Its wounds are self-inflicted.

The Weekly Standard reports.

Is Political Science Dying?

While the campus grievance mongers cry for Justice! and continue their drive for power and safe spaces, I note an extraordinary story in the latest issue of Stanford, the bimonthly magazine of the Stanford Alumni Association. Take this in very slowly:

UNDECLARED UNDER­GRAD­UATES needn’t feel forlorn: Political science wants YOU. It’s looking for more than a few good students who are interested in a globally relevant education that readies them for everything from an academic career to national security work. And the department’s recruiting mission is headlined with a revamped major that offers students a better opportunity for tackling “big problems—and social issues,” as noted by associate professor Justin Grimmer. New enlistments are earnestly sought in the wake of a notable decline in poli-sci majors over the last four years, from 74 in the 2010-11 academic year to 61 in 2013-14 to 47 in 2014-15 [emphasis added].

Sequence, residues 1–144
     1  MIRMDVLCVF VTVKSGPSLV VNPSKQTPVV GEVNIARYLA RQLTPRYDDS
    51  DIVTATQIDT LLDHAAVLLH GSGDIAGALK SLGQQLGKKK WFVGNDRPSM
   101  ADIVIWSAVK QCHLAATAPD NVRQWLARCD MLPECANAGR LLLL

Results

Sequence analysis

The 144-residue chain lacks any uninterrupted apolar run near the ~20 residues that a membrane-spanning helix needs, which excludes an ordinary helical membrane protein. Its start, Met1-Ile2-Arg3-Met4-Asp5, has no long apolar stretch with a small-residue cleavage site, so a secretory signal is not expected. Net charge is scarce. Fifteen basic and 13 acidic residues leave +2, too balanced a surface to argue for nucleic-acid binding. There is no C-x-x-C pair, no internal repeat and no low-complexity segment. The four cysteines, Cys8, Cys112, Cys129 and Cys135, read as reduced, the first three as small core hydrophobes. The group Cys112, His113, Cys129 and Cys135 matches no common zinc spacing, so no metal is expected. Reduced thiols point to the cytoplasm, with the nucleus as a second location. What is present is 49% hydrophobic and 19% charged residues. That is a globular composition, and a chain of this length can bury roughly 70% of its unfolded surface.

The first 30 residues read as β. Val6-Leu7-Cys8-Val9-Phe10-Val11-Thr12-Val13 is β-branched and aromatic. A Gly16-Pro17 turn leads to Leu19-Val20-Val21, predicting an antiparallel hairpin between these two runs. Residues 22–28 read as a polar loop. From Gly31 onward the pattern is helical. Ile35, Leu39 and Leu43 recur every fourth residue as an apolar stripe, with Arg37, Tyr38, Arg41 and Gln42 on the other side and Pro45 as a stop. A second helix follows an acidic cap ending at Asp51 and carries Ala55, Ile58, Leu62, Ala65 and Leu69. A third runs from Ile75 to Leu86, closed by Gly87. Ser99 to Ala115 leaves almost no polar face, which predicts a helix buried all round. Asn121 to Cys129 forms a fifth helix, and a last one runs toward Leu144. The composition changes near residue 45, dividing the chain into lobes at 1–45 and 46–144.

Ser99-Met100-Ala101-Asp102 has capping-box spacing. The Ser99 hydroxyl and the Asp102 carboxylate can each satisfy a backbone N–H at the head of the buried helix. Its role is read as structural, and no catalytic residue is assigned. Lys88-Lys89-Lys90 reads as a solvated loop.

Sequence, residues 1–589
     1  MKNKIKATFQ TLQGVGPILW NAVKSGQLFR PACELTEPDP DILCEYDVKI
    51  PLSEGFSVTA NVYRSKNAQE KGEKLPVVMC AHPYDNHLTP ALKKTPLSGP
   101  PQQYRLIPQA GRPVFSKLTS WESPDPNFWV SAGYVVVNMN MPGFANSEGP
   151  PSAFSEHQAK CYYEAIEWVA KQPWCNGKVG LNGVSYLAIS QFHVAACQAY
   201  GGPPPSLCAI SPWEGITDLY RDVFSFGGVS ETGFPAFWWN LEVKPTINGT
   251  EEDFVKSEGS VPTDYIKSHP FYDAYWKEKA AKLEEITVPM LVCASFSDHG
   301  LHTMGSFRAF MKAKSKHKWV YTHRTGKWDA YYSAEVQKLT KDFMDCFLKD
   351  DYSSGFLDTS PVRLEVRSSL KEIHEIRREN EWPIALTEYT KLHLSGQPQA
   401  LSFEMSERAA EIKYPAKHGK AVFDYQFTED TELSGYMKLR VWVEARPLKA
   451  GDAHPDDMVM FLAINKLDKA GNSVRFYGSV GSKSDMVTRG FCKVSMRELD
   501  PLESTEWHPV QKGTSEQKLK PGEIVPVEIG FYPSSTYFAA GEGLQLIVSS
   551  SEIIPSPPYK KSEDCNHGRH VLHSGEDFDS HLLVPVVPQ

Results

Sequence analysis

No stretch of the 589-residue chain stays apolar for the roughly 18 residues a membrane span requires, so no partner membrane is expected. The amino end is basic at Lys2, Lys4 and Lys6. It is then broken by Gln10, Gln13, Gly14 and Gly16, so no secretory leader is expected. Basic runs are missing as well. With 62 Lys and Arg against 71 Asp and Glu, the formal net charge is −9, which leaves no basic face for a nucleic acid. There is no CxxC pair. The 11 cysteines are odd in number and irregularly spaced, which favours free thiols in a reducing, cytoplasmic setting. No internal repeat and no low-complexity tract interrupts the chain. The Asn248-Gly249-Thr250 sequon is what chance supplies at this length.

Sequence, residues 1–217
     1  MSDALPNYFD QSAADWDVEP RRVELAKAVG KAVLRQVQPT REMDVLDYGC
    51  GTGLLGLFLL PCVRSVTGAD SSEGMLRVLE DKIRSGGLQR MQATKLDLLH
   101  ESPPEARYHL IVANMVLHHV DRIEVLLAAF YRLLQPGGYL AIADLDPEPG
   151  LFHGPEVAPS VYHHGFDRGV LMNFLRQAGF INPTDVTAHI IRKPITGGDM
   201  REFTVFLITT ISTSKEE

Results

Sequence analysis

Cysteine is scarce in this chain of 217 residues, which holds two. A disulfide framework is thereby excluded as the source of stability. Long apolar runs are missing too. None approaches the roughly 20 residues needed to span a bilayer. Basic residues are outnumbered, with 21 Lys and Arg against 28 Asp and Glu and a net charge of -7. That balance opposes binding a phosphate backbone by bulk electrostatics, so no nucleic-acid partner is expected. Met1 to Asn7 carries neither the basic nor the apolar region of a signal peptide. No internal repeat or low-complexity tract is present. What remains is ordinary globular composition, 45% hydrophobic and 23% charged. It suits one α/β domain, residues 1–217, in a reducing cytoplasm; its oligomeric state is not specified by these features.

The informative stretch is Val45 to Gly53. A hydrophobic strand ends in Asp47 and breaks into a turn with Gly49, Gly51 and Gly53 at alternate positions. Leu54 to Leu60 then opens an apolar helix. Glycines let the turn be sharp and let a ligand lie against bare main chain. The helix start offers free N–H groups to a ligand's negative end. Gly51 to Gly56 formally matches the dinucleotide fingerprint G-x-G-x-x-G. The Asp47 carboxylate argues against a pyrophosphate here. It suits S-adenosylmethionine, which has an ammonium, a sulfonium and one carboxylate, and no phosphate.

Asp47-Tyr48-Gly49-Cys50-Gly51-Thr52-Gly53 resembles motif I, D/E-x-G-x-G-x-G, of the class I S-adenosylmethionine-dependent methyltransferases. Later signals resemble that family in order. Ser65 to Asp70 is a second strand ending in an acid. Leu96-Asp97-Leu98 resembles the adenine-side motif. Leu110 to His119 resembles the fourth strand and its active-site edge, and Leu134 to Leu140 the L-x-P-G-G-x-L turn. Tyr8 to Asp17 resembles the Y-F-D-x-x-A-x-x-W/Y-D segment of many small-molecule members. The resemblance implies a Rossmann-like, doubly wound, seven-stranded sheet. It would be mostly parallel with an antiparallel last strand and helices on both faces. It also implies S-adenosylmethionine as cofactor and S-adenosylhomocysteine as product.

By extrapolation, it would seem that Stanford has slightly more than 200 political science majors, out of an undergraduate student body of a bit more than 7,000—or 2.9 percent. There are 46 faculty listed on the political science department’s web page, which means there is a faculty-to-major ratio of about 1-to-4. This is incredible, as it indicates a discipline at one of our leading universities that attracts almost no students. The fact that political science majors are declining (this is happening at a lot of universities—not just Stanford) at a time when general interest in politics is rising suggests a crisis in the discipline.

Read the original article:
Is Political Science Dying? (Weekly Standard)